The Role of Emotion in the Interpretation of Sounds
Historically there has been a conceptual distinction between reason and passion, i.e. emotions and higher levels of cognitive processing has been viewed apart from each other and studied separately. Recent research suggest a more dynamic interaction where the emotional responses may affect several aspects of higher level cognitive functioning. This thesis focuses on how an integrated analysis can discern the relationship between interpretation and emotion responses in auditory signals. It concludes that the interpretations of perceptual qualities in sounds are affected by the emotional responses to the sounds.
Paper I studied auditory alerts in two stages. First by a general dissimilarity rating where the participants rated perceived dissimilarity. This resulted in a two-dimensional multidimensional scaling solution. In a second experiment the participants rated each sound with semantic descriptors as well as their emotional reactions measured by hedonic valence and arousal. The results from the two experiments were then integrated by the use of multidimensional perceptual unfolding and a set mediation analyses. The latter showed that part of the cognitive categorization of the semantic descriptors was mediated by the emotional reactions to the sounds.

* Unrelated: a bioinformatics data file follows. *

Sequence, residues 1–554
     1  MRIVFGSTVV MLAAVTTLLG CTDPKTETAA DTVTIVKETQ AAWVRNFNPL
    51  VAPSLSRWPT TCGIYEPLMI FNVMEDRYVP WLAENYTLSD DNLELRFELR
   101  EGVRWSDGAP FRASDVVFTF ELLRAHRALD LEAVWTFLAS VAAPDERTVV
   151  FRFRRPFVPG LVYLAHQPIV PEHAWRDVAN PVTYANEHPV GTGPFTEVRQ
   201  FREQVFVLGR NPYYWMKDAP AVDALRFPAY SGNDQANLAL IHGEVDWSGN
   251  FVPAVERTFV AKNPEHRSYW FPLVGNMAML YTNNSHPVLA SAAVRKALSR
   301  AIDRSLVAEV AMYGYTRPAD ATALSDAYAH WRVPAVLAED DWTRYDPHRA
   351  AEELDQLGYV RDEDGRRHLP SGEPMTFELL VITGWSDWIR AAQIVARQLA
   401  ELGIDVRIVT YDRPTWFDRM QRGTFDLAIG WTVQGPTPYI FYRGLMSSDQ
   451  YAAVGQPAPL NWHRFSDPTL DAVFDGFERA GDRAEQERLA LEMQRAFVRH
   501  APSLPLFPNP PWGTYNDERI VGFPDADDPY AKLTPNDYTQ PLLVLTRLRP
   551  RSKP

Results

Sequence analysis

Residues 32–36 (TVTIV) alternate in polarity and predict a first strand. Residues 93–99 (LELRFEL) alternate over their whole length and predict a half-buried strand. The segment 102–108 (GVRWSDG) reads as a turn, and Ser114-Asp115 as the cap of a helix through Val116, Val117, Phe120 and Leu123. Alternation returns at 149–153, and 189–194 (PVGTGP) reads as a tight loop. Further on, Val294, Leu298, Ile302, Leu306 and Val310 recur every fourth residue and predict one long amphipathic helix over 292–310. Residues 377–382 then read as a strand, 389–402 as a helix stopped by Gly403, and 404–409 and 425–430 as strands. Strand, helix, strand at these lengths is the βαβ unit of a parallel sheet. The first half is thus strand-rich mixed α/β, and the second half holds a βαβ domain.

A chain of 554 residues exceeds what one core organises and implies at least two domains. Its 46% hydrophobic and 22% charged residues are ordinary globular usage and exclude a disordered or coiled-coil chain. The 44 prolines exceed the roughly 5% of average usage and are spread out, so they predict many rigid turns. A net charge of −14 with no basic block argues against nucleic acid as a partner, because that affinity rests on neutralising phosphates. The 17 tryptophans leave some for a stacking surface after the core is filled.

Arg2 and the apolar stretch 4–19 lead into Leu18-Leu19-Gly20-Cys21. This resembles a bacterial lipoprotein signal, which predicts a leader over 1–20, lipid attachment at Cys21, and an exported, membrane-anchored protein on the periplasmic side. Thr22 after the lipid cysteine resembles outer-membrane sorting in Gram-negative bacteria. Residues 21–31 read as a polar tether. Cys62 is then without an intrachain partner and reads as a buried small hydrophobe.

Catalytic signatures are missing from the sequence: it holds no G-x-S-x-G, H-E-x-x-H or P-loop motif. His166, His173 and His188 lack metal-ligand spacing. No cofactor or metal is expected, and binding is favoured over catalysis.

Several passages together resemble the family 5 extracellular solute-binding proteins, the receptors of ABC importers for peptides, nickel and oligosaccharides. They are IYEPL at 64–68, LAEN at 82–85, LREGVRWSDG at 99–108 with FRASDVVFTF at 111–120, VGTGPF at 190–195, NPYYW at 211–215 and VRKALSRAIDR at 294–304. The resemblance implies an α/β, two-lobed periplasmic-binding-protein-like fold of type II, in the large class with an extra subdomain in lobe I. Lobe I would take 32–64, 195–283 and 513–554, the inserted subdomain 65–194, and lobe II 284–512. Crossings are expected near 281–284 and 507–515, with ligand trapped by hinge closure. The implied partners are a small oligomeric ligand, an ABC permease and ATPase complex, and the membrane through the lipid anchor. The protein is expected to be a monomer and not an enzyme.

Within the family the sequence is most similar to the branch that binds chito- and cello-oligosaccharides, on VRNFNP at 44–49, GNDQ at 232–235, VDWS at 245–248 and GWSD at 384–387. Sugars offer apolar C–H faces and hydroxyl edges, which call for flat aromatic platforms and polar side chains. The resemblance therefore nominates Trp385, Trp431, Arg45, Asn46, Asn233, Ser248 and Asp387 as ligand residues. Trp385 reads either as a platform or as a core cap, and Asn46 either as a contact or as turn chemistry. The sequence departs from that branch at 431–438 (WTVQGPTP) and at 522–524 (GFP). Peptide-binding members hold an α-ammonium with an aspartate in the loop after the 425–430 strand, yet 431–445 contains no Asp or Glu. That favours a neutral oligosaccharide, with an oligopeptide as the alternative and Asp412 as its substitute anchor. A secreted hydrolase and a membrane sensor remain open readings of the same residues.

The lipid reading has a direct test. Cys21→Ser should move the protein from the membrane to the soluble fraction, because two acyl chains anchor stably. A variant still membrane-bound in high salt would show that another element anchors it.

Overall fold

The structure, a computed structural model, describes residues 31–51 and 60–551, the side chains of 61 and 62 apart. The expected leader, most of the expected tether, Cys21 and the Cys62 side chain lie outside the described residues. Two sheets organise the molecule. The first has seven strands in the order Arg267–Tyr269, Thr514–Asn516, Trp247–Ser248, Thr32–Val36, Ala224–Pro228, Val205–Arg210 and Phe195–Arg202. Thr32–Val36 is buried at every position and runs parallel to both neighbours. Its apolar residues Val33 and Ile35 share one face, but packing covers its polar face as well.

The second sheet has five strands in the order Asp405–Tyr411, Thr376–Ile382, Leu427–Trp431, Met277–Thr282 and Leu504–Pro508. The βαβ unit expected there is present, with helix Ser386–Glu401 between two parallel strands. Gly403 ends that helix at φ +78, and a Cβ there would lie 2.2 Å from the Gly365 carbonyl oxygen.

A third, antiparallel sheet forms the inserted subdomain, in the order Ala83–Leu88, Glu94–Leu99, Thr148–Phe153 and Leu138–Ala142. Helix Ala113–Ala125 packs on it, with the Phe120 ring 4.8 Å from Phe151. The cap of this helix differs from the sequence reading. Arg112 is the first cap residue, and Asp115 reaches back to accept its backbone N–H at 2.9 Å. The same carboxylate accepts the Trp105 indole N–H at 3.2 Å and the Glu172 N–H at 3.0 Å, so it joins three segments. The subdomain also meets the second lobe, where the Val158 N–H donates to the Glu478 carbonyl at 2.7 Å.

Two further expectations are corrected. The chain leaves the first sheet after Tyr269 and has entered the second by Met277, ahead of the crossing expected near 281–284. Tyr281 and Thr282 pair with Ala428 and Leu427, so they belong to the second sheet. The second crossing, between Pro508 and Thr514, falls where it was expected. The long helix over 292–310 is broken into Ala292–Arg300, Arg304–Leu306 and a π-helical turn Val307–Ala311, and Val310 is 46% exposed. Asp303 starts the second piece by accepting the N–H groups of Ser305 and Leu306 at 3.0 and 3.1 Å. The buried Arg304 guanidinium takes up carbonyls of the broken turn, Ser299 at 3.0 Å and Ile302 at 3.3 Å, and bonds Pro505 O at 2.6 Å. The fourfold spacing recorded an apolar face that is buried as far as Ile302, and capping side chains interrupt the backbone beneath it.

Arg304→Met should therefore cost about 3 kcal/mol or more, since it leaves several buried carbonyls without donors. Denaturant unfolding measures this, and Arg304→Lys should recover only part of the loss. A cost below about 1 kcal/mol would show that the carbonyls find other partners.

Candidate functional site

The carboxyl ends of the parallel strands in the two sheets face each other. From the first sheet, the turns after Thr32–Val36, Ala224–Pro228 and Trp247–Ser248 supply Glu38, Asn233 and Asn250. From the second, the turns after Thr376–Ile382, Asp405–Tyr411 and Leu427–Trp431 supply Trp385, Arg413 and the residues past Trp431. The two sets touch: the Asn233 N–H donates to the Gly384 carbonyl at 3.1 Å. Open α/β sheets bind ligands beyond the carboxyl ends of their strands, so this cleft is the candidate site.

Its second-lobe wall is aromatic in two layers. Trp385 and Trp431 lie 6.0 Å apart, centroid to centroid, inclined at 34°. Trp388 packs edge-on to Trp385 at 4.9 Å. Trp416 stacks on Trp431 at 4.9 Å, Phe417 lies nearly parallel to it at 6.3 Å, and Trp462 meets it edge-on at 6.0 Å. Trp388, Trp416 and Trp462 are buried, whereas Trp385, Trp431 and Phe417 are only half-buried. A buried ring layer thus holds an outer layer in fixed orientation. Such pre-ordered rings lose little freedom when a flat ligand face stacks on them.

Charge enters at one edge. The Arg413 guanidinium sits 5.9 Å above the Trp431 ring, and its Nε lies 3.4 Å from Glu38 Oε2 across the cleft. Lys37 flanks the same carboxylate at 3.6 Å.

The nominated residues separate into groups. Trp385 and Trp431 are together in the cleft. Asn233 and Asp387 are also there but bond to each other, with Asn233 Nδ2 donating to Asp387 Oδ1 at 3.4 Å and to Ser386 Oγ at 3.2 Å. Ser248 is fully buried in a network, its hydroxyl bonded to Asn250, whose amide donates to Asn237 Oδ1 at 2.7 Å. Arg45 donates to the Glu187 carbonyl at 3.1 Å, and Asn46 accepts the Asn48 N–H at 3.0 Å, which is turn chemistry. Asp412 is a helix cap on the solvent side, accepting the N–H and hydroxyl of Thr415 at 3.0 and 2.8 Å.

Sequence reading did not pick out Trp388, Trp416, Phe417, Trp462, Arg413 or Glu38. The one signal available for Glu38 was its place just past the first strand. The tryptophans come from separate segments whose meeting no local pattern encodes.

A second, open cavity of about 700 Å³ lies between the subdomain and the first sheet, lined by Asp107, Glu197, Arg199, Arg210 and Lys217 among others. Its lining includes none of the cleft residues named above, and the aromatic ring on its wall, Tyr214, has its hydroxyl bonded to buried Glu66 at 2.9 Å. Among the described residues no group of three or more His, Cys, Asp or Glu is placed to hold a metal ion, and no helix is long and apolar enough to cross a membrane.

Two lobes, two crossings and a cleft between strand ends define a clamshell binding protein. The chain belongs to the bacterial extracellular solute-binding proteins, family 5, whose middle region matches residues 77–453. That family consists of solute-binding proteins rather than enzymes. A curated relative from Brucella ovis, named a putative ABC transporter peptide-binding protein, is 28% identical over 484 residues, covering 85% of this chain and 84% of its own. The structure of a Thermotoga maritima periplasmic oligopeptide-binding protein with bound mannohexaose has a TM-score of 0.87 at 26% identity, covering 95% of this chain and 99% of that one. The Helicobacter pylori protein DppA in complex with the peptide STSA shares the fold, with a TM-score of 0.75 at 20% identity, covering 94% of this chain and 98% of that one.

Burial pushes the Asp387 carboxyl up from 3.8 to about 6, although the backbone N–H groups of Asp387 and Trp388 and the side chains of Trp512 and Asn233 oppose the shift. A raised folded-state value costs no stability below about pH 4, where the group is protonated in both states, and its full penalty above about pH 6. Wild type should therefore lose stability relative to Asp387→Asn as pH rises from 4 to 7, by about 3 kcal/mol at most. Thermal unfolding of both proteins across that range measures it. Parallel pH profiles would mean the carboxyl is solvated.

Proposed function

Paper II further investigated the role of emotion in interpretation of perceptual qualities in everyday sounds. The participants conducted a general dissimilarity rating of 12 sounds, parametrically chosen from three levels of hedonic valence (high, neutral, low) and four categories of sounds (human, animals, environmental, and mechanical). Afterwards the participants rated their emotional reaction to each sound. At a second occasion, same participants conducted seven focused dissimilarity ratings concerning emotional aspects and perceptual qualities in the sounds. The general dissimilarity ratings resulted in a three-dimensional scaling. Both the emotional reactions as well as the perceptual qualities from the specific dissimilarity ratings (in at least one dimension) could explain the first dimension in the general perceptual space. Subsequent mediation analyses revealed that the emotional responses mediated the physical perception.
The second and the third dimension were explained by theory-categorization.
E.g. in the second dimension the participants differentiated between living and nonliving sources.
The two paper together support the use of integrated analysis to determine the underlying perceptual mechanisms in perception of sounds. The research suggests that emotional reactions are fundamental in interpretation of perceptual qualities in sounds and that emotion categorization is a strong influence in perception. This further suggests that auditory signals are promising in promoting emotion regulation. This could be applied in e.g. restorative soundscapes.